ARRL

ARRL Propagation Bulletin ARLP038 (2008)

SB PROP @ ARL $ARLP038
ARLP038 Propagation de K7RA

ZCZC AP38
QST de W1AW  
Propagation Forecast Bulletin 38  ARLP038
From Tad Cook, K7RA
Seattle, WA  September 12, 2008
To all radio amateurs 

SB PROP ARL ARLP038
ARLP038 Propagation de K7RA

A new sunspot, number 1001, emerged on Thursday, September 11.  It
is actually a single group with two small magnetic disturbances, and
we hope not another like the last sunspot, a weak one barely
emerging on August 21-22.  It was so small that some observatories
didn't count it, but it was a Cycle 24 spot.

August was much ballyhooed as the first time since 1913 that there
was a month or more between the most recent sunspot appearances.
Actually it was the first time that a whole calendar month went by
with no spots.  Of course, this doesn't really mean anything more
than any other 30 day period with no spots, because the calendar is
based on arbitrary beginnings and endings.

The US Air Force predicts a planetary A index for September 12-17 at
5, 8, 20, 12 and 8.  Geophysical Institute Prague predicts quiet
conditions September 12, unsettled September 13, unsettled to active
September 14, unsettled September 15, quiet September 16, quiet to
unsettled September 17, and quiet September 18.

John Shannon, K3WWP of Kittanning, Pennsylvania has made it a point
to work at least one station a day for over 14 years, so far, using
QRP CW and simple wire antennas.  He notes that although he can work
more DX at solar cycle maximum, propagation on a day to day basis is
more reliable at solar minimum because it lacks the extreme
geomagnetic storms which appear more often during greater solar
activity.  See his personal page at,
http://home.alltel.net/johnshan/.

Reg Beck, VE7IG of Williams Lake, British Columbia writes that he
had a productive 6 meter summer season, including working 20 JA
stations from 0113z-0143z on July 12, and 368 6-meter contacts
overall from July 8 through August 16.

Reg says propagation is great recently, and he has been running
pileups of Europeans in the morning on 20 meter SSB and CW.  August
26-29 he worked 41-45 stations a day, then 106 on August 30 and 84
on September 3, all in sessions from 20 minutes to less than an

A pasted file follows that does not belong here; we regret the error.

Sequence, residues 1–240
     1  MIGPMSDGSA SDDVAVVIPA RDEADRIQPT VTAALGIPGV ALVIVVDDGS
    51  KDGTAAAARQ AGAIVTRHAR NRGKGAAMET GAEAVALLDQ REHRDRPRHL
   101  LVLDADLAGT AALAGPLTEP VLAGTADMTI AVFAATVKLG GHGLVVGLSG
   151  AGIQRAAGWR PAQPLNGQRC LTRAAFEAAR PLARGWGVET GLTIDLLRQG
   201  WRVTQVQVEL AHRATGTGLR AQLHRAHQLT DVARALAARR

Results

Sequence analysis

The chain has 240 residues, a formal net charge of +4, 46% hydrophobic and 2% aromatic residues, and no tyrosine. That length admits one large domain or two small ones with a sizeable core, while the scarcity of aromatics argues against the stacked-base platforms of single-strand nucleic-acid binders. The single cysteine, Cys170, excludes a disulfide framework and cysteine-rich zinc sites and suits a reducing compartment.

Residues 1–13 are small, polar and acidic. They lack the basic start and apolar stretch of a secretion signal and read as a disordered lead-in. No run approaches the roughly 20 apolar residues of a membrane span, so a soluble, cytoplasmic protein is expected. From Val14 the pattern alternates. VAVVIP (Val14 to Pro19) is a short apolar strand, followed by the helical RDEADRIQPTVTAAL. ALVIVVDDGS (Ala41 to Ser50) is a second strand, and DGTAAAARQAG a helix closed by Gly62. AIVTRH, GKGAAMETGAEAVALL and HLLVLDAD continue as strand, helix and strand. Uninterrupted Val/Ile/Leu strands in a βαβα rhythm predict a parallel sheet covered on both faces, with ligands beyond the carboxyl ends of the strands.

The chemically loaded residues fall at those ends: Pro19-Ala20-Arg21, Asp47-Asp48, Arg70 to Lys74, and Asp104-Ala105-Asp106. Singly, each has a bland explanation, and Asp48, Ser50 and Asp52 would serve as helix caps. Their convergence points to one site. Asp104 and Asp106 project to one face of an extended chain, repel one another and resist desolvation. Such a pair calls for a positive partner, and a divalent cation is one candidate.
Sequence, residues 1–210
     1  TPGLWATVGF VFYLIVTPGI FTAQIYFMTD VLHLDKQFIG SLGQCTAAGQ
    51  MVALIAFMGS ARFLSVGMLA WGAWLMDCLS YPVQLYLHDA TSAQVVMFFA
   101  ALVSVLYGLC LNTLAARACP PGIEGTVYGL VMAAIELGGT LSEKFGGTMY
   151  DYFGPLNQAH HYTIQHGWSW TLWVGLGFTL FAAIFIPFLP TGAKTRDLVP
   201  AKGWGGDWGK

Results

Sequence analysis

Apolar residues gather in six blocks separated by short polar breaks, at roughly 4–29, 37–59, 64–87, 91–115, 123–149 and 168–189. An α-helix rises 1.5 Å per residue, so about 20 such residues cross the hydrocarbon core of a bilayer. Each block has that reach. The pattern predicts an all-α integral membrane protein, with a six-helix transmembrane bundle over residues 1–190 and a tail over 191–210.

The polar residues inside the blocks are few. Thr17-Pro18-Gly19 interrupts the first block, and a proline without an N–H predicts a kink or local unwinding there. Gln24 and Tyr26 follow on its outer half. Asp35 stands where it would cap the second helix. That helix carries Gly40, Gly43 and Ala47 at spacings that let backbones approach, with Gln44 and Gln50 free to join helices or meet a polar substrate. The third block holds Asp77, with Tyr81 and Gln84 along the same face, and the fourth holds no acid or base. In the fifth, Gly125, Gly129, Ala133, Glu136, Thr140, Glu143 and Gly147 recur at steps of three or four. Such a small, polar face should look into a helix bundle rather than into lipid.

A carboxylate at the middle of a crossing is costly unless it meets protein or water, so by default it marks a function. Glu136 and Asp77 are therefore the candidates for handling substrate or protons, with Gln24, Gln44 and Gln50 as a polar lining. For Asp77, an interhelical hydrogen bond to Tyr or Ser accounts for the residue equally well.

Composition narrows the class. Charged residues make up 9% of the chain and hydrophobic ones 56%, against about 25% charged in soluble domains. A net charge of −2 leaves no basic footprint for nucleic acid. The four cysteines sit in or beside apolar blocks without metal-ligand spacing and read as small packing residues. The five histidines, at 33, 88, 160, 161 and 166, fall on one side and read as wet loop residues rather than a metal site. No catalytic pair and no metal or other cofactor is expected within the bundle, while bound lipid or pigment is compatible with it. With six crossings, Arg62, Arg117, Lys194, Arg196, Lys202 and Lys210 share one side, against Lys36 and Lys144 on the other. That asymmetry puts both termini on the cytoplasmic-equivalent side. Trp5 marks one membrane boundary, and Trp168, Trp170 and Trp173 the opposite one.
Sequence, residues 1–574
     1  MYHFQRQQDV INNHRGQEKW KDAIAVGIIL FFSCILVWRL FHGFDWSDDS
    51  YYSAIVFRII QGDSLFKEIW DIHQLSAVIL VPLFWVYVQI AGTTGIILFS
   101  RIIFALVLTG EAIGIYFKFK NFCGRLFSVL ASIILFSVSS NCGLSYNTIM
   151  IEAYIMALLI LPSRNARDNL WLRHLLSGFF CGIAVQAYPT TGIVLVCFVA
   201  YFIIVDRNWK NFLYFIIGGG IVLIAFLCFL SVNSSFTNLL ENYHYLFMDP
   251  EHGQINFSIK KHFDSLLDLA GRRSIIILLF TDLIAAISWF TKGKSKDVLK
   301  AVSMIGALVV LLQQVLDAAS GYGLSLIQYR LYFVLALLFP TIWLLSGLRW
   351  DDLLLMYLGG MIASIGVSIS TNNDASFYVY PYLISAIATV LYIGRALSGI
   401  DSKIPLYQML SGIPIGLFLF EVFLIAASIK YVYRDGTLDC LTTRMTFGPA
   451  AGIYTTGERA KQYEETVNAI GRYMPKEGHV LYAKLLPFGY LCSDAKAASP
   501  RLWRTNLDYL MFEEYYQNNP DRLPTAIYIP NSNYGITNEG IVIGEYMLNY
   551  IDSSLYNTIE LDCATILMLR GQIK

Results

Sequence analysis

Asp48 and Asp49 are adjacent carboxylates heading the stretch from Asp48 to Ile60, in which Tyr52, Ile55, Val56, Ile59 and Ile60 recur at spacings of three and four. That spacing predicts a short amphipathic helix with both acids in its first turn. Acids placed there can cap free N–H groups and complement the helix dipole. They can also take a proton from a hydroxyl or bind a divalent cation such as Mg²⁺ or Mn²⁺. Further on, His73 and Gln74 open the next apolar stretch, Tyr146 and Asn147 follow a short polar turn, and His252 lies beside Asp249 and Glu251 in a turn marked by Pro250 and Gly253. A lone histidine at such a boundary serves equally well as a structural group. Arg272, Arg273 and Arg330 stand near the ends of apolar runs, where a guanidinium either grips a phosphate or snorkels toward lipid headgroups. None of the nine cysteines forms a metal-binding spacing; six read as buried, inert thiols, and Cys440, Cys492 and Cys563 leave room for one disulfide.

hour.  Reg is north of 52 degrees north latitude, far enough north
that around the Summer Solstice, sunrise to sunset is 1200z to
0421z.

Flavio Archangelo, PY2ZX of Jundiai in northeast Brazil says he has
been having good luck with just a 20 meter dipole.  Last Saturday,
September 6, he worked several EA (Spain) stations around 1830z,
then some OZ stations at 2000z.  All were loud portable stations
working Field Day.  Around 1930z he heard DL stations much stronger,
also heard HB stations, then signals faded after 2015z, but SM and F
stations still heard.

If you would like to make a comment or have a tip for our readers,
email the author at, k7ra@arrl.net.

For more information concerning radio propagation, see the ARRL
Technical Information Service web page at,
http://www.arrl.org/tis/info/propagation.html.  For a detailed
explanation of the numbers used in this bulletin see,
http://www.arrl.org/tis/info/k9la-prop.html.  An archive of past
propagation bulletins is at, http://www.arrl.org/w1aw/prop/.

Monthly propagation charts between four USA regions and twelve
overseas locations are at, http://www.arrl.org/qst/propcharts/.

Instructions for starting or ending email distribution of this
bulletin are at http://www.arrl.org/w1aw.html#email.

Sunspot numbers for September 4 through 10 were 0, 0, 0, 0, 0, 0,
and 0 with a mean of 0.  10.7 cm flux was 65.9, 65.2, 65.8, 66.6,
67.1, 67.1, and 67.2 with a mean of 66.4.  Estimated planetary A
indices were 33, 7, 7, 8, 8, 6 and 4 with a mean of 10.4.  Estimated
mid-latitude A indices were 17, 7, 7, 7, 9, 4 and 2 with a mean of
7.6.
NNNN
/EX